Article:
NEWS – WEEKEND TO 11TH APRIL 2021
NEWS – WEEKEND TO 11TH APRIL 2021
TAX NEWS – WEEKEND TO 11TH APRIL 2021
US tax plans could prove costly for British businesses
Although UK officials have welcomed moves by the Biden administration to force multinationals to pay more tax, the Treasury is urgently reviewing how the plans might affect UK businesses. The Telegraph reports that there is concern in Whitehall that British companies could end up paying more elsewhere in the world as a result of the proposals, potentially reducing revenues for the Exchequer. Washington’s plans would see a global minimum corporation tax and levies for companies based on the location of their sales. While tax campaigners and the Labour party urge the Chancellor to publicly back the plan – Tax Justice UK estimates the blueprint would bring in an extra £13.5bn a year for the public purse – Suren Thiru, head of economics at the British Chambers of Commerce, said while a co-ordinated international approach to addressing tax avoidance is preferable to a disjointed nation by nation approach, “significant questions remain on how it would work in practice.” In the FT, DeAnne Julius says Biden’s plans are brave and bold and could save companies a lot of time in tax planning.
One in ten cheques from HMRC not cashed
HMRC has said that nearly 3.8m cheques sent to taxpayers between 2015 and 2020 have not been deposited in accounts, amounting to a tenth of all tax rebates sent by post over the period. Less than 2% of tax refunds are made by cheque, according to HMRC, which said it pays money into people’s bank accounts directly where possible.
The Times, Page: 57
Could global tax reform at last be within reach?
Several sources cover news of the Biden administration’s corporation tax proposals with the FT reporting that the political battle lines in the US are being formed with many Republicans on Capitol Hill warning that the changes could harm US multinationals while two of the most influential Democratic lawmakers on tax policy have backed the plans. Elsewhere, the Observer’s business leader argues that the move from Washington has raised hopes of a breakthrough for a global agreement on tax and describes the proposals as a change that could make the world a fairer place and “kill tax havens dead”.
Financial Times The Observer, Page: 56
No IHT for Philip’s bequests, unless you’re a minor royal
The Sunday Times reports that due to a deal struck with former PM John Major bequests from Prince Philip to the Queen, the Prince of Wales and the Duke of Cambridge will be tax-free. However, anything from the Duke of Edinburgh’s estate which is passed to his other children or grandchildren, including his second son, the Duke of York, and the Duke of Sussex, would be taxed at the standard 40%, above the £325,000 threshold. The “sovereign to sovereign” rule was negotiated with the Conservative government in 1993 when the Queen and the Prince of Wales first agreed to pay income tax.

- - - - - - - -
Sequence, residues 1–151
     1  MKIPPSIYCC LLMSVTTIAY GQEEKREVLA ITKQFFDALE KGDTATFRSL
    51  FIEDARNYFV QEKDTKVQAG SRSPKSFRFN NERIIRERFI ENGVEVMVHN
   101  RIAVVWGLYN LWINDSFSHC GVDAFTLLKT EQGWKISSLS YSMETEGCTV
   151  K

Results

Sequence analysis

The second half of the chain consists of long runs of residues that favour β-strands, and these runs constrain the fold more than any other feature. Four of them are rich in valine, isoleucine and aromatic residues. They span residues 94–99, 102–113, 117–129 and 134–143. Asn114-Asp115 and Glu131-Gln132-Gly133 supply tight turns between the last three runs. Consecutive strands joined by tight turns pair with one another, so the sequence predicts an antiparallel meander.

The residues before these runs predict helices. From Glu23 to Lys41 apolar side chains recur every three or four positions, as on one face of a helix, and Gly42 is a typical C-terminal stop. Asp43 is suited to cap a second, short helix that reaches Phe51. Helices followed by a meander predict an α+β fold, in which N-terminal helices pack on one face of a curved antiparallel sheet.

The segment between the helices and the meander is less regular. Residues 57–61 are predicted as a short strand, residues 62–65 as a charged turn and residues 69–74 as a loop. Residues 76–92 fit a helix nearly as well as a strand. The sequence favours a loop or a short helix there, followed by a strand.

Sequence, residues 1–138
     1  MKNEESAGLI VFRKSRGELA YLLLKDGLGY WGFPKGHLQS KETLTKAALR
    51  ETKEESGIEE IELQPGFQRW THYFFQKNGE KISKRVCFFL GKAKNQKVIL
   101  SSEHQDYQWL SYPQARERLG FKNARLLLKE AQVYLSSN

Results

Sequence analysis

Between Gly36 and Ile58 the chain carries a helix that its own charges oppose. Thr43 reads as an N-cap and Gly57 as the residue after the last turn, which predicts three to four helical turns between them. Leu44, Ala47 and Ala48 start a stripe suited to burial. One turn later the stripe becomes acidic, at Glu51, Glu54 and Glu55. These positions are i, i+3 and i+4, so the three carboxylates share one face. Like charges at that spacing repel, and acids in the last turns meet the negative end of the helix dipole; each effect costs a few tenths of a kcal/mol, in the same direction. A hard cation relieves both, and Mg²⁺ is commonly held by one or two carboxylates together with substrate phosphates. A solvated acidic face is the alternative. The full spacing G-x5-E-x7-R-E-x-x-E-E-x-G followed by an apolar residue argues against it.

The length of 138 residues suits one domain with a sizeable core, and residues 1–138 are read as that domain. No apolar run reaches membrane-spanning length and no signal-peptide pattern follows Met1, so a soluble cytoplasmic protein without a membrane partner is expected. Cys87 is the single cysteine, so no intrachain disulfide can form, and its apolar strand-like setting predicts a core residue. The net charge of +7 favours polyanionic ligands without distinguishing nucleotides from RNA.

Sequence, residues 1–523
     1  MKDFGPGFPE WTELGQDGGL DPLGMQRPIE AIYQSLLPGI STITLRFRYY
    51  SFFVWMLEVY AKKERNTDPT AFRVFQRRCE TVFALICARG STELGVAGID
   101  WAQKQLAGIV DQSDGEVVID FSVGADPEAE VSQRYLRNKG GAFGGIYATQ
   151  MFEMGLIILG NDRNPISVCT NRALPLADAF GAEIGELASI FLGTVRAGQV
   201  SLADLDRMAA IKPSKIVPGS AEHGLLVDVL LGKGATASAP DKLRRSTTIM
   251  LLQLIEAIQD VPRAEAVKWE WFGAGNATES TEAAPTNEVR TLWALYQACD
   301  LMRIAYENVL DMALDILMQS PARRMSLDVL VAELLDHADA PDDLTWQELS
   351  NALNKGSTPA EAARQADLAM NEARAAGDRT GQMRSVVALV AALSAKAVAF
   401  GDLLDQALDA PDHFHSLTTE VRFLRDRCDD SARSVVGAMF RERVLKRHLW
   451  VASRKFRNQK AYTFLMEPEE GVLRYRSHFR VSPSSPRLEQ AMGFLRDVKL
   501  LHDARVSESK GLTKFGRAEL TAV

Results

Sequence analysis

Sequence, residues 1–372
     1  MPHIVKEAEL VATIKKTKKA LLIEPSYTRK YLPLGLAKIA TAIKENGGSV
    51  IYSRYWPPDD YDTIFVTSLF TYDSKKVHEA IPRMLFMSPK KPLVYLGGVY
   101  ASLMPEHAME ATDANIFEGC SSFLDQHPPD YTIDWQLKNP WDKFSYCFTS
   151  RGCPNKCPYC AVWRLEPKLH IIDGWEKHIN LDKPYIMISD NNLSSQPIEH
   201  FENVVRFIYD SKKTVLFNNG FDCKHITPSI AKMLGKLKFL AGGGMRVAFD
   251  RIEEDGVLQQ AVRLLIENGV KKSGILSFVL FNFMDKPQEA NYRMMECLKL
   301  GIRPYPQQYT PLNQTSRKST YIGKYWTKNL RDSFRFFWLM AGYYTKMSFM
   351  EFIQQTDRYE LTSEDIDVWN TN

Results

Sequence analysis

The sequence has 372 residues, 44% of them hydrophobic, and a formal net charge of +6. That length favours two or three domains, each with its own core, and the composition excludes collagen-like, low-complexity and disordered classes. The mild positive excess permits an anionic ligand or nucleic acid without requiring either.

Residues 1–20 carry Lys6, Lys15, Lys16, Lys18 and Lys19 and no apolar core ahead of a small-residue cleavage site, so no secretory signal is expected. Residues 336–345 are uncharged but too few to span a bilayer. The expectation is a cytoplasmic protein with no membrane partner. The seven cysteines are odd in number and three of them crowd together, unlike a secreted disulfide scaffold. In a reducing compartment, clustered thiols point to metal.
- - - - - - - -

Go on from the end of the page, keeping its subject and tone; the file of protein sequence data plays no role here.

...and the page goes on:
The Sunday Times, Page: 4
CORPORATE NEWS – WEEKEND TO 11TH APRIL 2021
Suspect Sanjeev Gupta invoices used in Greensill loans raise fraud concerns
Several European metals companies have denied doing business with Sanjeev Gupta’s Liberty Commodities, raising questions over invoices purporting sales to the businesses which formed the basis of funding from Greensill Capital. Separately, the collapse of Greensill has led to 440 staff losing their jobs, administrators have revealed. Grant Thornton said 305 redundancies would be made at the firm’s head office in Warrington, with the rest in London.
John Lewis chief says no more store closures expected
Pippa Wicks, John Lewis’s chief executive, has insisted there will be no further shop closures, as she defended the partnership’s revival strategy two weeks after shutting eight outlets. The Times cites analysis by PwC which shows nearly 99m sq ft of retail space has closed in the past year while 5,500 out of 30,000 non-essential retail stores remained closed between the three lockdowns and may never reopen.
Frasers Group to take £200m Covid hit
Mike Ashley’s Frasers Group is anticipating a £200m hit due to coronavirus, warning that further restrictions on retail are “almost certain”. Chris Wootton, chief financial officer, said the additional writedown had not been the result of pressure from RSM, its new auditor, and that the decision had not been reviewed by RSM although the group had informed the firm before telling investors.
Brooks Brothers UK enters administration
The British division of US clothing retailer Brooks Brothers has entered administration, after suffering from a lack of demand for its products as people worked from home. Begbies Traynor has been appointed as the company’s administrators.
Italian consortium to bid for National Lottery
The Sunday Telegraph reports that investment firm CVC Capital Partners is backing a bid to run the National Lottery led by portfolio company Sisal, the operator of Italy’s most popular lottery. The bid will be made in conjunction with children’s charity Barnardo’s, which will provide expertise on raising money for good causes in the UK. The Sisal-led consortium is attempting to displace incumbent operator Camelot, which has run the National Lottery since its launch more than a quarter of a century ago. The auction is being run by Rothschild, EY and Hogan Lovells on behalf of the Gambling Commission and is scheduled to culminate this autumn.